1 clove garlic, minced
2 fresh red Thai chilies, minced
1 scallion, minced
cilantro (or mint), minced
1/4 tsp toasted sesame seeds
1/8 tsp ground Sichuan pepper

Cut 400g (apx. 1 pound) of potatoes into 1 1/2 inch pieces, using a roll cut or bias cut to make angled sides. Soak potatoes in water for half an hour, strain, and pat them dry. Deep-fry the potatoes at a medium temp until they are golden. (Preferably in a wok, as it requires less oil.) Remove potatoes from the oil, strain well, and add them to the bowl of furu sauce. Mix well, then add the aromatics and mix again. 
Second Sister Rabbit Cubes
Second Sister Rabbit Cubes

Tradition doesn't call for eating rabbit to celebrate a rabbit year, but what can we say, we have rabbit on the brain. So here is a great recipe for a cold rabbit dish that explains why Sichuan loves rabbit so much.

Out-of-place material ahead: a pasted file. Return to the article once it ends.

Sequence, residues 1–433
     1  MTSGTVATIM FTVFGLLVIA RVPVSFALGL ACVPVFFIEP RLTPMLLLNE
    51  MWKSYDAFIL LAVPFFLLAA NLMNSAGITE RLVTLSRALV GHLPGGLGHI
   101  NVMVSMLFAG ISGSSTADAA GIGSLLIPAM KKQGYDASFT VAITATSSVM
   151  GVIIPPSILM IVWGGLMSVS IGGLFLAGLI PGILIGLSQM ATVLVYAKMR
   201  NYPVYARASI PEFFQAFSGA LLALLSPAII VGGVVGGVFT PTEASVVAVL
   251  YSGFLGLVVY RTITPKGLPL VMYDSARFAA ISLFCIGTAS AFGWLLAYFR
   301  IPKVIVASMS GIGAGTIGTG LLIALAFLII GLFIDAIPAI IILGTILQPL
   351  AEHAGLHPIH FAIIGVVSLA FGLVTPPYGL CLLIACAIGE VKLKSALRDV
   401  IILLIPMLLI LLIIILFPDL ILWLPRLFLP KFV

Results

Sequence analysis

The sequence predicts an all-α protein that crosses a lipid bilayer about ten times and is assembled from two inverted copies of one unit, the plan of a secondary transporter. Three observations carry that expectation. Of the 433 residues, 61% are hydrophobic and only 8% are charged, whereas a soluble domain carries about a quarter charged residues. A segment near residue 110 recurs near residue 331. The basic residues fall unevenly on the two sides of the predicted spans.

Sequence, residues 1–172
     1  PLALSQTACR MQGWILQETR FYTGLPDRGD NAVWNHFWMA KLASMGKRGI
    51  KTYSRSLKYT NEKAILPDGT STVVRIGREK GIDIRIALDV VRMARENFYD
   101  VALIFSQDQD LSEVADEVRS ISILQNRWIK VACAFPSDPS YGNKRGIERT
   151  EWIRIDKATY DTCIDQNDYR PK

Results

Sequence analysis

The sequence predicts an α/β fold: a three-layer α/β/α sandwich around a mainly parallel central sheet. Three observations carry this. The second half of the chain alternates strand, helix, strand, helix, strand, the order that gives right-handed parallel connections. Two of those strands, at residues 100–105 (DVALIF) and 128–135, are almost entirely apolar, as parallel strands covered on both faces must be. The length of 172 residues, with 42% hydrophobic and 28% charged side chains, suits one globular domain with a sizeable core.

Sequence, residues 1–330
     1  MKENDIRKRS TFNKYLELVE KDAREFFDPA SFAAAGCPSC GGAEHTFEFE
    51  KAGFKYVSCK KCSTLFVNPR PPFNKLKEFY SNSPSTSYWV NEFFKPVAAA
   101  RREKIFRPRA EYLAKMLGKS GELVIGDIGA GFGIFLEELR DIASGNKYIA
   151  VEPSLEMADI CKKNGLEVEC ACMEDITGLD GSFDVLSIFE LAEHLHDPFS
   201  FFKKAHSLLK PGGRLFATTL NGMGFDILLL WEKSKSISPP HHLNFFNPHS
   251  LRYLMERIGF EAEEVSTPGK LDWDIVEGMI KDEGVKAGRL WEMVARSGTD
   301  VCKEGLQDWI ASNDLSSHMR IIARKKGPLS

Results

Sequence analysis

Chengdu’s famous Erjie Tuding is based off a Sichuan 凉拌 (liángbàn)/cold-dressed dish traditionally eaten in the fall. It belongs to our reader-favorite Cooking with Pixian Doubanjiang recipe series. There are several variations of Sichuan’s cold-dressed rabbit,
 but the most famous is Chengdu’s 二姐兔丁 (èrjiě tùdīng), “Second Sister Rabbit Cubes.”

Colorful, crunchy, chewy and chilled, it features—in addition to little nuggets of bone-in rabbit—ground huajiao, ground chilies, sugar, sesame seeds, douchi (fermented black soybeans), roasted peanuts, scallions, sesame oil, 3-year Pixian doubanjiang, lajiaoyou (Sichuan chili oil) and Zhongba 360 light soy sauce. In other words, Sichuan in a sauce! 

Eating rabbit heads in Chengdu
Rabbit Heads
This is Fongchong and her cousin Will eating spicy rabbit heads in Chengdu a few years back. This super popular snack is another reason Sichuan consumes the majority of the world's rabbit meat. 

If you want to eat rabbit heads (or any other snack) on the streets of Chengdu yourself, contact our friends at Chengdu Food Tours. As China opens its doors again, it may just be possible in 2023!